- Tara Jarussirirat
Scratch That Itch - Environmental Allergies
Updated: May 17, 2022
It’s finally springtime and with warmer weather can come symptoms of allergies in our pets. It has been exactly 3 years since my dog Bubba J, started scratching at the first signs of spring. And so began our journey through anti-itch medications, veterinary dermatologists (yes you read it right, there are dermatologists for our pets), allergy testing, immunotherapy injections and frequent bathing.
Pet allergies have been on the rise, and it feels like we are seeing more of these pets in practice each year. When we first suspected that Bubba had allergies, I was determined to get down to the bottom of it as quick as I could. Since Bubba had pet insurance it was a no brainer for me to
take him to a Board-Certified Veterinary Dermatologist. So off we went. During Bubba’s initial consultation, a thorough exam of his eyes, ears and skin was performed. Based on his medical history, symptoms, age (he had just turned 2), and physical exam findings Bubba was diagnosed with Atopic Dermatitis (Environmental Allergies).
Atopic dermatitis in dogs and cats is a common allergic skin disease associated with elevated immunoglobulin E (IgE) antibody levels in response to environmental allergens. It is a chronic relapsing skin condition that is prone to flare ups upon exposure to allergens and can increase in intensity and severity with age. In atopic dermatitis, airborne pollens, molds, dust particles etc. gain entry to the skin through a defective skin barrier. The immune system becomes inflamed by the airborne allergens and soon the itching and scratching begins.
A treatment plan for Bubba was developed which involved serum and intradermal allergy testing and immunotherapy (allergy shots). The intradermal allergy test is performed to try and identify offending allergens, while the serum allergy tests measure circulating allergen specific IgE antibodies. Bubba was sedated to avoid any discomfort and a rectangular area of his hair was clipped on the side of his chest. Within a grid layout his skin was injected with small amounts of environmental allergens. Some of these allergens included house dust mites, storage mites, pollens (trees, grasses and weeds) fleas, yeast and moulds. Within 15-25 minutes, redness and swelling is evident at the site of positive reactions. Bubba tested positive to a variety of weed, tree and grass pollens, indoor/outdoor molds, insects, as well as cat dander and wool. Bubba has 3 cat siblings and lives a very active outdoor lifestyle with daily games of fetch. Bubba was allergic to his life. Bubba’s blood was also collected for the serum allergy testing and sent away to a lab for analysis. Based on the complete set of allergy test results, immunotherapy was formulated to desensitize him to these allergens, since avoidance was not possible for most of Bubba J's allergens. Bubba may have disagreed, but the cats were not going anywhere.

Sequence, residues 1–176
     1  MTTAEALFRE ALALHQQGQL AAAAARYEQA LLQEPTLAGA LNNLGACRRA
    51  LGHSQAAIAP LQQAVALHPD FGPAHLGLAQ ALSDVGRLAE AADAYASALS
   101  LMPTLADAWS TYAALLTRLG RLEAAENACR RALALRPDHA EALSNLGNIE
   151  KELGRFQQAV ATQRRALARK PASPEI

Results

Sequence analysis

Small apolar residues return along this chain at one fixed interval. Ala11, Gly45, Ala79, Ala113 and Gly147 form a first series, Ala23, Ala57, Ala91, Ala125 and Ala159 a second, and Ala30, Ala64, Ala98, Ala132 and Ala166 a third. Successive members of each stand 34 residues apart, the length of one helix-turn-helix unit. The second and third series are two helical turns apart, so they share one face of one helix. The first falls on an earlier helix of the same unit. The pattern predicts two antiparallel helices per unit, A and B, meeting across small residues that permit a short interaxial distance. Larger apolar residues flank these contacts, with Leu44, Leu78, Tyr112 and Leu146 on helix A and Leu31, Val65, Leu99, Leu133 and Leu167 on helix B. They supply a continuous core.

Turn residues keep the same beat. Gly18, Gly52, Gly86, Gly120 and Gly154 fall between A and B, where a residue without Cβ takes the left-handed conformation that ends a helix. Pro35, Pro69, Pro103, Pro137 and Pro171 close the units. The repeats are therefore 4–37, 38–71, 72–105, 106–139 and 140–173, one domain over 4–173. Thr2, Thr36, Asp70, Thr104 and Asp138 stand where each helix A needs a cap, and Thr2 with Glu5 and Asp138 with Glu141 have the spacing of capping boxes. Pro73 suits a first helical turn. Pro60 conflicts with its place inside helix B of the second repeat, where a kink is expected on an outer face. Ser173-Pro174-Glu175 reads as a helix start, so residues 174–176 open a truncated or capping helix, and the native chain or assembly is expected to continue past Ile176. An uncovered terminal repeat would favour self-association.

Immunotherapy is a process in which offending allergens are administered as drops under the tongue or injected subcutaneously in gradually increasing amounts to induce tolerance. The main benefit of immunotherapy is its ability to reduce the severity of the allergic skin disease, and thereby reduce the reliance on symptom-relieving drugs.
I opted for the immunotherapy injections for Bubba, being an RVT giving injections is second nature to me. I put my Low Stress Handling Certification to work and used counter conditioning and desensitization to train Bubba to receive his injections. Over 2 years later, Bubba sees the vial come out of the fridge and immediately gets excited for what it is about to happen.
He is currently getting his injections every 2 weeks and will likely continue with them for life. We have managed to reduce his dependency on anti-itch medications, and we currently bath him once a month. We do our best to reduce the amount of allergens in Bubba’s environment. If you have been looking for a reason to invest in a robot vacuum this is it. We run the vacuum daily to help with the amount of dust, dirt and cat hair in our house. We wash bedding and blankets frequently and we try to keep Bubba indoors when the pollen counts are high. We have had minor flare ups along the way but on the whole Bubba is doing fantastic. The biggest compliment Bubba receives is that he doesn’t look like an allergy dog! Bubba now visits the dermatologist every 9 months for a re-check exam and review of his treatment plan. With a great veterinary team and treatment plan tailored to your individual pet, it is possible to manage environmental allergies.
If your pet is exhibiting excessive scratching, it’s best to get them evaluated by a veterinarian soon to avoid the development of secondary infections that can result from excessive scratching. Give our client care team a call to schedule your pet for a health examination. We can develop a long-term plan to manage the underlying allergy and assist with a referral to a dermatologist. Scratching is no fun for them or for you. We are here to help!